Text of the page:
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Credit law toolkit

credit law toolkit image About this toolkit

This latest version of the Credit Law Toolkit covers the law as at December 2015. This toolkit is not meant to cover every technical aspect of the Credit Law. The intention is to cover in detail those parts of the Credit Law that caseworkers regularly use when advising consumers.

Different parts of the Credit Law commenced operation at different times. This is explained in more detail in the section When the Credit Laws apply?

This toolkit is aimed at both financial counsellors and lawyers, particularly those lawyers in legal aid offices and generalist community legal centres who do a range of civil law work, but do not necessarily specialise in credit law. This toolkit is intended to assist financial counsellors to assist  their clients more effectively, but not to replace timely legal advice. Generalist lawyers should also consider consulting a specialist credit lawyer if they are unsure about the application of the law to a client’s particular circumstances, or the best strategy to pursue. All caseworkers should  pay particular attention to the relevant time limits for taking action noted throughout this kit.

An important part of the work of a caseworker is solving the consumer’s problem. The Credit Law requires that all credit providers and those arranging credit must be a member of an approved External Dispute Resolution Scheme (EDR). For this reason, this toolkit concentrates on using EDR to resolve  consumer disputes/problems and not court. Court is a last resort and it is recommended that legal advice from a lawyer with appropriate expertise be obtained before going to court.

We have tried to cover the most common client situations in this toolkit. In reality, clients present to caseworkers with an endless variety of circumstances and questions.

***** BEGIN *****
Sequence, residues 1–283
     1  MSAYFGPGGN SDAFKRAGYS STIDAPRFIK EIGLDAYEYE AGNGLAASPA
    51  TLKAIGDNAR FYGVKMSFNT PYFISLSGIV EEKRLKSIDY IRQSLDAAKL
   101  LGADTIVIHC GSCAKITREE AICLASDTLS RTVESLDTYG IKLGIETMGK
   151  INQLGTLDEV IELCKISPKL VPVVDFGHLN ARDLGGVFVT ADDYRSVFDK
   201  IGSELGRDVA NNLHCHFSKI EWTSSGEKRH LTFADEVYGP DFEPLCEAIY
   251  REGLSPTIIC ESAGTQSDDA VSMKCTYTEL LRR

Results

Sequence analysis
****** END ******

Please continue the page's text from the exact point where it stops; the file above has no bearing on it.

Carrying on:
Remember: If you have a tricky consumer credit problem - get legal advice.

The toolkit is divided into three sections

Section 1: The Credit Law

This is the reference section. It contains an overview of the National Consumer Credit Protection Act and Regulations (the Credit Law). It will be useful as a starting point to understand the Law. The Credit Law has two main parts:

  1. The National Consumer Credit Protection Act 2009 (NCCP)  
  2. The National Credit Code (at Schedule 1 of the NCCP) (NCC)  

Section 2: How to guides & sample letters

This is the problem solving part of the toolkit. This section include how to guides, sample letters and EDR Guides covering the following topics:

  1. Financial hardship  
  2. Unsuitable lending  
  3. Requesting information  
  4. Debt Collection and enforcement  
  5. Requesting a debt release  
  6. High cost small loans  
  7. Consumer leases  
  8. Complaining to ASIC  

Section 3: Other useful stuff

This section includes useful reference material:

  1. Credit Law forms  
  2. Relevant financial hardship provisions of relevant Codes of Practice